Brexit, Covid-19 and most recently the Suez Canal debacle have all highlighted the fragility of long, convoluted supply chains with numerous middlemen. But at the other end of the spectrum, micro food networks can also be susceptible to bad weather, sudden changes in demand or simply lack of footfall.
By their very nature, hyperlocal supply chains can potentially limit the diversity of available produce, while tight geographical boundaries can translate to fewer customers.
So could regionalisation be the answer to future-proofing our farming system and empowering citizens by ensuring known provenance, while also creating more resilient food networks that can weather the coming storms?
Gareth Roberts, co-founder of Regather, a cooperative supplying organic fruit and veg boxes to 800 homes in Sheffield, thinks it’s all about finding a balance.
“There just isn’t enough comprehension of the geography of food systems,” says Roberts, who is working hard to increase the proportion of locally grown produce that Regather sells, but prefers to use the term ‘localised’ rather than local. He explains that whether we like it or not, we are firmly embedded in a globalised food system and simply switching from one extreme to the other may produce a different but still undesirable set of outcomes.
Ultimately it’s a trade-off, according to Roberts. Longer supply chains might mean that seasonal produce can be grown more efficiently in its natural climate. If that same produce is grown locally, farmers might be forced to add more pesticides and fertilisers to produce the necessary yield, or perhaps turn to polytunnels to recreate warmer climes with much higher energy inputs.
“We’re a long way off a thriving regional food system but we’re working towards it. At the right scale, somewhere between small and enormous, there’s got to be a balance that allows for skilled growers to navigate the seasons in a way that keeps things viable.”
Of course, there’s no one size fits all, and British farmland is far from homogenous, but if a complex mix of landscapes is the starting point, farming decisions about what to grow can be based on what is optimal for certain soils and climates.
Box schemes like Regather base their buying models on this; buying from where things grow best geographically. “Customers make an informed decision to hand over that choice in return for trust and that allows us and other schemes to maintain our market share,” says Roberts.
“As buyers we can then get the best seasonal produce that’s geographically available. By its very nature, this type of food system is more resilient, but it’s driven by consumer behaviour and that shift in mindset is key.”
A shift in agricultural practices is important, too. Farming is “a force for change” according to the Food, Farming and Countryside Commission’s Our Future, Our Land report that lays out plans for a fourth agricultural revolution, “transitioning to agroecological farming by 2030 to tackle soil erosion, loss of wildlife and genetic diversity”. Agroecology combines agriculture with ecological principles, with particular focus on small-scale farms.
In fact, more than 50 per cent of fruit and veg are grown on farms smaller than 20 hectares, according to the Food and Agriculture Organisation (FAO), which has declared 2021 the International Year of Fruits and Vegetables globally. A recent study by the University of British Columbia in Canada and published in the journal Nature, concluded that small farms tend to have higher crop yields than large farms, and host more biodiversity.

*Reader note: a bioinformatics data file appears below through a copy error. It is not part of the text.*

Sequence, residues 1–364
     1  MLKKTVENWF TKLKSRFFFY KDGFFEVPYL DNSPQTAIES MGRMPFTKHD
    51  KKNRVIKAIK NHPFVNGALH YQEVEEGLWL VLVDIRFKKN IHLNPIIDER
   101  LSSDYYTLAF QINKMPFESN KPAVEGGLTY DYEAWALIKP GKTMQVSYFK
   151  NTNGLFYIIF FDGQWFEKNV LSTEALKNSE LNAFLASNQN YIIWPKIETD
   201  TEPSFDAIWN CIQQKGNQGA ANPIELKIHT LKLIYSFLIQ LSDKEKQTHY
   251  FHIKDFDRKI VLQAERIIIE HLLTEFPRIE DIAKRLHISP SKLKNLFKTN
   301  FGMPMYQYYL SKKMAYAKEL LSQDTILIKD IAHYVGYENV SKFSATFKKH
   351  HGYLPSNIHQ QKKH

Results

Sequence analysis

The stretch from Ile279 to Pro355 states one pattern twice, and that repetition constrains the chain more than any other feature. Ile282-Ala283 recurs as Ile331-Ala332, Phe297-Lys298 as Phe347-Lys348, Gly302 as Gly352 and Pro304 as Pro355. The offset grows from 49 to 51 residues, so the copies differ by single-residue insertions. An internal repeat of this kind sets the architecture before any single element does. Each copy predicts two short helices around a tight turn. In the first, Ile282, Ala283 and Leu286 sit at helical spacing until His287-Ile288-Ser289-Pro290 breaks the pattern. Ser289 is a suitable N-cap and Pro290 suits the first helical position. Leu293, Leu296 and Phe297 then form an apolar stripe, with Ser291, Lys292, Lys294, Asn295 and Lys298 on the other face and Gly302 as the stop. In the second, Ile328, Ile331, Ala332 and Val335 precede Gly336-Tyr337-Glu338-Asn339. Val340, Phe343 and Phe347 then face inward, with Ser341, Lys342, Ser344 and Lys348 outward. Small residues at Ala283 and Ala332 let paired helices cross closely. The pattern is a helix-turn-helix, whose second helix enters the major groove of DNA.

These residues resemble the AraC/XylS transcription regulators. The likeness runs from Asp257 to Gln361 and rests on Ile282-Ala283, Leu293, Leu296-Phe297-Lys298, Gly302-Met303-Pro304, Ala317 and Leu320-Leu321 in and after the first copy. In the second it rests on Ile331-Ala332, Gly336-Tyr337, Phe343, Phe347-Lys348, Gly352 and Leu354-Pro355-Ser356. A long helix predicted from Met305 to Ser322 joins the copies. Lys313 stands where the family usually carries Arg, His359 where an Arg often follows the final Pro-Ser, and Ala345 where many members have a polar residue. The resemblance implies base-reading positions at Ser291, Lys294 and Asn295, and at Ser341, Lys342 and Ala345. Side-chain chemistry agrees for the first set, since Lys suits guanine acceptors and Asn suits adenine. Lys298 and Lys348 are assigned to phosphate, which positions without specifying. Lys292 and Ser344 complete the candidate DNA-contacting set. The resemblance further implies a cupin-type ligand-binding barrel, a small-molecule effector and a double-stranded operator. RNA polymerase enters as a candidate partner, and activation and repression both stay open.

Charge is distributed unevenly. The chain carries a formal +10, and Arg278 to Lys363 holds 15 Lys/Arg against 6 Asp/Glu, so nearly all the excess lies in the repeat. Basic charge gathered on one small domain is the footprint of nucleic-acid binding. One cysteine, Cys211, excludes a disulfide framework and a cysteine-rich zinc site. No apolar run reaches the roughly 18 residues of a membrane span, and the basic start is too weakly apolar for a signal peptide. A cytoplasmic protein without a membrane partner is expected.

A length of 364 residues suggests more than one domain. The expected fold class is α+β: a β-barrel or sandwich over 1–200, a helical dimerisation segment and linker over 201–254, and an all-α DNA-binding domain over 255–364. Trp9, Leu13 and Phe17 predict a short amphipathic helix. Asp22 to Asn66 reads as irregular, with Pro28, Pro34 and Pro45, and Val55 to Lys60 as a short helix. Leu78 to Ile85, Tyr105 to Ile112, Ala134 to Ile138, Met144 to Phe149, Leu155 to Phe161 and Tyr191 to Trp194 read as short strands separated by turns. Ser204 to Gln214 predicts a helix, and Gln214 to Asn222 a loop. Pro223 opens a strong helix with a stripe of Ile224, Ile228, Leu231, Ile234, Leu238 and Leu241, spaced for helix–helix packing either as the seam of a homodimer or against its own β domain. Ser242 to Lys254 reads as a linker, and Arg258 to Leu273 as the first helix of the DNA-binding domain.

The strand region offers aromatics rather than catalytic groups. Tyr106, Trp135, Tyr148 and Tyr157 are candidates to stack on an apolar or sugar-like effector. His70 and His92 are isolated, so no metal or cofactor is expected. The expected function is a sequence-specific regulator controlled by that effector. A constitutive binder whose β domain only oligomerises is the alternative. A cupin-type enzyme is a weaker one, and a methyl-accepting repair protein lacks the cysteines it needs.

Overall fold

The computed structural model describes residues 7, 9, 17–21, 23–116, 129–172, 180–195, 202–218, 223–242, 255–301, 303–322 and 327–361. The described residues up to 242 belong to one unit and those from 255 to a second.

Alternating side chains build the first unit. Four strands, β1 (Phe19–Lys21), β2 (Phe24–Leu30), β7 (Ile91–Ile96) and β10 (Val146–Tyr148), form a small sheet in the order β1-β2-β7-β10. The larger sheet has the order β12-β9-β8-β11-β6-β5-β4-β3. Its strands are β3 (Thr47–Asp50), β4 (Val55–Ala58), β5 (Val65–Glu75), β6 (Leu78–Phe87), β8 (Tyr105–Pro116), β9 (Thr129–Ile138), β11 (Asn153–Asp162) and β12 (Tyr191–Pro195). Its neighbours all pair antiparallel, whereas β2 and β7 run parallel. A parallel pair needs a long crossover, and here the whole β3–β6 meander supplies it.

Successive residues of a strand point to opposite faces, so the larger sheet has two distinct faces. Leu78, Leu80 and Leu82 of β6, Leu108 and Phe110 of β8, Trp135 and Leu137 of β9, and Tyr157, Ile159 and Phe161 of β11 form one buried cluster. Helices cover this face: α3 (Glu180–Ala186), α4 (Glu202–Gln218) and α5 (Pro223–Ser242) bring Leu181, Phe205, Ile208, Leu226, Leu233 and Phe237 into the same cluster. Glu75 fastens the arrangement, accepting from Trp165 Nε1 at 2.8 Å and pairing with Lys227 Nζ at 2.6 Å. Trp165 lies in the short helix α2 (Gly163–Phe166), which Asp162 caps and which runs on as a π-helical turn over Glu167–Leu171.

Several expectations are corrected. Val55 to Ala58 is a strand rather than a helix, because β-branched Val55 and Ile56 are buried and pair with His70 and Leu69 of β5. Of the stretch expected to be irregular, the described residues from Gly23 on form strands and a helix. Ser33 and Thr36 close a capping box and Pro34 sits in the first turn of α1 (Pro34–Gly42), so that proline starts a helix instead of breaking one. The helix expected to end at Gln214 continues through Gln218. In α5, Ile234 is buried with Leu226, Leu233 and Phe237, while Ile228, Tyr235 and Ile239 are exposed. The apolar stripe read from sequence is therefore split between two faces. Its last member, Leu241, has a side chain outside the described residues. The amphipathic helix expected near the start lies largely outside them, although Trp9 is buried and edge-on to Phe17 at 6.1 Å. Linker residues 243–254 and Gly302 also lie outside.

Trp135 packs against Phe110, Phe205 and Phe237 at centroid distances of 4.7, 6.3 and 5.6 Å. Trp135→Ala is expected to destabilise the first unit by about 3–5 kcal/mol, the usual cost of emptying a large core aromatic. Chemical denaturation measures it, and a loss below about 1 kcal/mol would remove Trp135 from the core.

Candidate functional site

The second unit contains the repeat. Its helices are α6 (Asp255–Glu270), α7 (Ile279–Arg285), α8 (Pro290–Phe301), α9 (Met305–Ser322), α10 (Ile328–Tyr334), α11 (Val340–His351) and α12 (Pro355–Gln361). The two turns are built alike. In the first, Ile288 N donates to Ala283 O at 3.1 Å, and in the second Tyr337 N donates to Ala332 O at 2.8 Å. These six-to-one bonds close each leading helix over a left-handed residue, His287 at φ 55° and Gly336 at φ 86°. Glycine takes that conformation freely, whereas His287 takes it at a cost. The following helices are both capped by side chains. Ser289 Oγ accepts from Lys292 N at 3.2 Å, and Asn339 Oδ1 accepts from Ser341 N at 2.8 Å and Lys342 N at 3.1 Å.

Tapping into this network of smaller farms could be key to the transition to agroecology. Gavin Shelton, founder of CoFarm in Cambridge, wants to replicate his pilot urban community farm with at least one in every local authority by 2030; that’s about 450 across the UK.
By eventually farming up to 500 acres at each CoFarm, he hopes to contribute a substantial amount of food to local communities. “We need an agroecological future – agroecology ticks all of the boxes for how to get to a sustainable food system, which is fair and nobody is exploited. So by scaling up in this way, we can direct profits back to ecosystems and prioritise access to healthy food,” he says.
Sharing knowledge will be key to making this model work, both in terms of what a specific microclimate is best suited to, and also what people most want to eat in that area – in Cambridge that has meant dedicating one polytunnel to Asian veg and curry leaves as requested by the Indian diaspora.
“Last year we grew 55 different types of vegetables on our pilot site – it’s all about adapting to local circumstances,” adds Shelton. “It’s resilience in its broadest sense – we’re trying to do something quite holistic with CoFarm, from improving health and wellbeing, to restoring natural capital, to producing great food. The current food system is quite extractive in economic terms but we think it can be used to build more inclusive economies by enabling fairer access at a local level.
“Hyperlocal is a really good place to get to if we can get there, with a bit of a regional buffer built in. It would lead to enhanced food sovereignty and food security, not increased vulnerability,” comments Shelton, who argues that making food supply chains more local results in simpler distribution, lower transport costs, less food waste and no need for plastic packaging. “We’re dealing with food metres not food miles,” he adds.
This article was initially published in issue 6 of Wicked Leeks magazine. You can read the full magazine for free on Issuu by clicking here.